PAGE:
All the 27 subjects (27 eyes) completed this 1-month study. There were 14 male and 13 female subjects, and the mean age was 11.6±1.6 years (range, 9–14 years). The baseline spherical refractive error was −3.23±1.30 D (range, −0.75 to −5.50 D), and refractive astigmatism was −0.51±0.42 D (range, 0 to −1.25 D). After 1 month of ortho-k lens treatment, refractive astigmatism did not significantly change (−0.55±0.40 D; P=0.739), but the mean spherical refractive error significantly decreased to −0.17±0.30 D (t=−13.05; P<0.001). Uncorrected visual acuity achieved 20/20 or better in all the subject eyes after 1-month of ortho-k lens wear. The mean TxZ diameter was 3.61±0.26 mm; TxZ diameter was independent of baseline spherical and astigmatic refractive error (r=0.228, P=0.252 and r=0.238, P=0.231, respectively). The mean magnitude of decentration of the TxZ was 0.60±0.16 mm (range, 0.22–0.97 mm), mostly toward the temporal side (25/27) and the inferior side (19/27); TxZ decentration was independent of baseline spherical and astigmatic refractive error (r=0.009, P=0.964 and r=−0.066, P=0.742, respectively).
Contrast sensitivity function significantly decreased after 1-month ortho-k treatment under the three ambient lighting conditions being tested (photopic, mesopic, and mesopic with glare; all P<0.001). Detailed AULCSF values before and after ortho-k treatment were shown in Table 1. Stepwise multiple linear regression analysis, including baseline spherical and astigmatic refractive error, diameter and the magnitude of decentration of TxZ as potential predictive factors, showed that the decrease in AULCSF values after ortho-k significantly correlated with the amount of lens decentration (standardized β=0.425; P=0.027) but not with baseline spherical, astigmatic refractive error, or diameter of TxZ (all P>0.05).
For the data collected by OQAS, MTFcutoff values and SR significantly decreased from 45.68±5.99 to 39.09±5.75 (t=16.31; P<0.001) and from 0.27±0.05 to 0.21±0.04 (t=8.54; P<0.001), respectively, after 1 month of ortho-k lens wear. However, OSI significantly increased from 0.39±0.19 to 0.71±0.22 (t=−13.73; P<0.001). Stepwise multiple linear regression analysis showed that the decrease in MTFcutoff after ortho-k significantly correlated with the amount of lens decentration (standardized β=0.499; P=0.005) and the diameter of TxZ (standardized β=−0.494; P=0.005). The decrease in SR significantly correlated with the diameter of TxZ (standardized β=−0.434; P=0.024). The increase in OSI did not correlate with any of the potential predictive factors being tested (all P>0.05).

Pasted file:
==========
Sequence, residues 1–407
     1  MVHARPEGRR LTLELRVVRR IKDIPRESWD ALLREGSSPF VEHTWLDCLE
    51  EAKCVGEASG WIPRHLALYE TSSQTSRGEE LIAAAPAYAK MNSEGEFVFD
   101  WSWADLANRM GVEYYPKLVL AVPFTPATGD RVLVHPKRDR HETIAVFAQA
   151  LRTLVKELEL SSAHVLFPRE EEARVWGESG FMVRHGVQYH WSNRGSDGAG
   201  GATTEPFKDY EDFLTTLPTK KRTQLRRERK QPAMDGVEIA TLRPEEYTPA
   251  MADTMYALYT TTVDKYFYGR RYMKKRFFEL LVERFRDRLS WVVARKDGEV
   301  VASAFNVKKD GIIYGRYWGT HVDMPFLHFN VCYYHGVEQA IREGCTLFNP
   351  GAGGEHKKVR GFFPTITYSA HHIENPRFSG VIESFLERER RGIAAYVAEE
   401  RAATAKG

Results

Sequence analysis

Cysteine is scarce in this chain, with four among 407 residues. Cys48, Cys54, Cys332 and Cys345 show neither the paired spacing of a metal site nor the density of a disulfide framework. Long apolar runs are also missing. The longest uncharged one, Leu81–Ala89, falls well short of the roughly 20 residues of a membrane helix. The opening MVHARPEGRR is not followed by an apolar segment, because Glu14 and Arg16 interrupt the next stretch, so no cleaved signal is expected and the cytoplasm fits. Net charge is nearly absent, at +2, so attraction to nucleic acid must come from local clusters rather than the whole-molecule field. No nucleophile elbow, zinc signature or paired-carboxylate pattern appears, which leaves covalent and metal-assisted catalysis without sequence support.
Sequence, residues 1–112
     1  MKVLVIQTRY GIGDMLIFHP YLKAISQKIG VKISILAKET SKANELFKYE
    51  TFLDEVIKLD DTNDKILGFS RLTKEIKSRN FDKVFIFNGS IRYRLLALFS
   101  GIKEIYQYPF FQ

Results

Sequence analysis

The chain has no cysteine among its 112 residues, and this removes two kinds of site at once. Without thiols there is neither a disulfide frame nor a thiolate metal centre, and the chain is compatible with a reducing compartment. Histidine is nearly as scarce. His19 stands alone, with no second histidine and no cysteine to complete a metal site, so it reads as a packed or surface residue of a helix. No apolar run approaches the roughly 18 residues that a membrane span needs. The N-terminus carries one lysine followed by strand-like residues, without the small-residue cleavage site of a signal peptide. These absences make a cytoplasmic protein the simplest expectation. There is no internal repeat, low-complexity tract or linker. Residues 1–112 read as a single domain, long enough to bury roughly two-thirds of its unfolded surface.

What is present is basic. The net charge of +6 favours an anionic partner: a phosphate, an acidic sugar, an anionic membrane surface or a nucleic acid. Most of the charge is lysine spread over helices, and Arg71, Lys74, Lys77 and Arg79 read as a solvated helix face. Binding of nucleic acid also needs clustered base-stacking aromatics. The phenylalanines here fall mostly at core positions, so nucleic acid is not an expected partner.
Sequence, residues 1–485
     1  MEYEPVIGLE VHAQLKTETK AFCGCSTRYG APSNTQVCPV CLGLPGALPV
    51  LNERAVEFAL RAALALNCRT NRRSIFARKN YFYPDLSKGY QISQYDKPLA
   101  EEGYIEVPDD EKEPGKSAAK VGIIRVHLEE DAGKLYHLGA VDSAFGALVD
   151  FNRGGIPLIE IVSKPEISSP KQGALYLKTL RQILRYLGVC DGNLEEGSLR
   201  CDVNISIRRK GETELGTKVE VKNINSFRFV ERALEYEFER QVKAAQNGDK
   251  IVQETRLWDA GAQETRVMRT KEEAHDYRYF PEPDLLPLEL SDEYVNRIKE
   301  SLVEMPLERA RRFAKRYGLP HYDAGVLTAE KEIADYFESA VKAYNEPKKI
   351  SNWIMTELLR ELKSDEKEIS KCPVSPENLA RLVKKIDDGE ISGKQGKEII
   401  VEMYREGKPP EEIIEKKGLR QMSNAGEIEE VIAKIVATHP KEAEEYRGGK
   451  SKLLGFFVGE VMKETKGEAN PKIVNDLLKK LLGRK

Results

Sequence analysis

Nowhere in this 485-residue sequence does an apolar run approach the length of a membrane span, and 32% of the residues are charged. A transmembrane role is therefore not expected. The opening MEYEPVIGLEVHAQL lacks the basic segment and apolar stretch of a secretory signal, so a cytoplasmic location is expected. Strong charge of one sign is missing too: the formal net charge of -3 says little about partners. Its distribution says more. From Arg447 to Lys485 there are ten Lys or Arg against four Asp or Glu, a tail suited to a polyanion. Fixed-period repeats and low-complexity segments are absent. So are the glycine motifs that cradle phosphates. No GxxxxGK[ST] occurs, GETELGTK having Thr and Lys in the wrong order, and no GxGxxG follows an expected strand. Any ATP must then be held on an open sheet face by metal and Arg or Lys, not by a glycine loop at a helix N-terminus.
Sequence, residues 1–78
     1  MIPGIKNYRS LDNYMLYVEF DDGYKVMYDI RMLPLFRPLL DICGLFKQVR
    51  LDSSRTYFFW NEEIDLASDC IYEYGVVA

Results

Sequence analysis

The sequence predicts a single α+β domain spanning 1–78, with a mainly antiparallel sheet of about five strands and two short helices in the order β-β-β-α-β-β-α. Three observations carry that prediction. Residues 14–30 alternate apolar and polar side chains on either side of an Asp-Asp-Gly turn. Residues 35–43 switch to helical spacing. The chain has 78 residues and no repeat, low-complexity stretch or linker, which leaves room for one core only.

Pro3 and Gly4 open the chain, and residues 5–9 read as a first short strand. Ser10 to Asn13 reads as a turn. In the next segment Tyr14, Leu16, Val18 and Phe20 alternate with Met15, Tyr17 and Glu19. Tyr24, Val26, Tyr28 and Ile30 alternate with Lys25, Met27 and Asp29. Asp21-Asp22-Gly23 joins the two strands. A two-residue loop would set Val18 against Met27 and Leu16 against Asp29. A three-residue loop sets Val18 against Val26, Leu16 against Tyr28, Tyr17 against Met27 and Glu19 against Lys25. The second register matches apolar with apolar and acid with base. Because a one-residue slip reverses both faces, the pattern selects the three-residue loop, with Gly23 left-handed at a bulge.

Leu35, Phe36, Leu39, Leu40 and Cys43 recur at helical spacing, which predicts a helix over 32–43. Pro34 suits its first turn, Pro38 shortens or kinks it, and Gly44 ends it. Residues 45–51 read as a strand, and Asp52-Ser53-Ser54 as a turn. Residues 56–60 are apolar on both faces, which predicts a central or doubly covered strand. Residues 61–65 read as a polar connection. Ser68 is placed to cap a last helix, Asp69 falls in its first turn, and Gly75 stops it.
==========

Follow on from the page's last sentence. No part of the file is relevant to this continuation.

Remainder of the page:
The influence of ortho-k on optical quality is one of the major concerns for this treatment modality. In this study, MTFcutoff, SR, and OSI were used to quantify the objective optical quality, and CSF to measure the subjective visual performance after ortho-k treatment. We found that all these parameters deteriorated after ortho-k treatment.
Contrast sensitivity function is a reliable measure of the real-world visual performance under varied circumstances and provides valuable information about visual function that may not be measurable by standard visual acuity testing. Previous studies showed controversial results as regard to the effect of ortho-k on CSF.12,25 To avoid multiple pairwise comparisons between pre–ortho-k and post–ortho-k CS measurements, we represented CS data as one number (AULCSF) to make statistical analysis more straightforward. Our study revealed a significant decrease in CS under various ambient lighting conditions after 1-month ortho-k lens wear. This finding agrees with that of the 3-month study by Hiraoka et al.12 but disagrees with that of the 1-year study by Stillitano et al.25; the discrepancies among these studies are likely to be attributable to the timing of observation because the latter study found a tendency for the higher-order aberration after ortho-k to recover over time. Longer follow-up periods are needed to validate the finding of this study.